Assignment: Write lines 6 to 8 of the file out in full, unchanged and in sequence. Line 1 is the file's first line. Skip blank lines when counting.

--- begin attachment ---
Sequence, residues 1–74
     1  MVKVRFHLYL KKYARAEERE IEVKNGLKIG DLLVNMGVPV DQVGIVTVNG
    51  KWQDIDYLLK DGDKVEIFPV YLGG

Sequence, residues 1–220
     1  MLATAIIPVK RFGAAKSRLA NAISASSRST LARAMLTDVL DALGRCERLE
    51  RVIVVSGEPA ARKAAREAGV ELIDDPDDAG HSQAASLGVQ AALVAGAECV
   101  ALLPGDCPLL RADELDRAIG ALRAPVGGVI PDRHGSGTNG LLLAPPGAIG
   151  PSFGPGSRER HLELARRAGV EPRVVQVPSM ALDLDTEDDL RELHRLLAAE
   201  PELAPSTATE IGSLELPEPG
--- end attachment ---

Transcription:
    51  RVIVVSGEPA ARKAAREAGV ELIDDPDDAG HSQAASLGVQ AALVAGAECV
   101  ALLPGDCPLL RADELDRAIG ALRAPVGGVI PDRHGSGTNG LLLAPPGAIG
   151  PSFGPGSRER HLELARRAGV EPRVVQVPSM ALDLDTEDDL RELHRLLAAE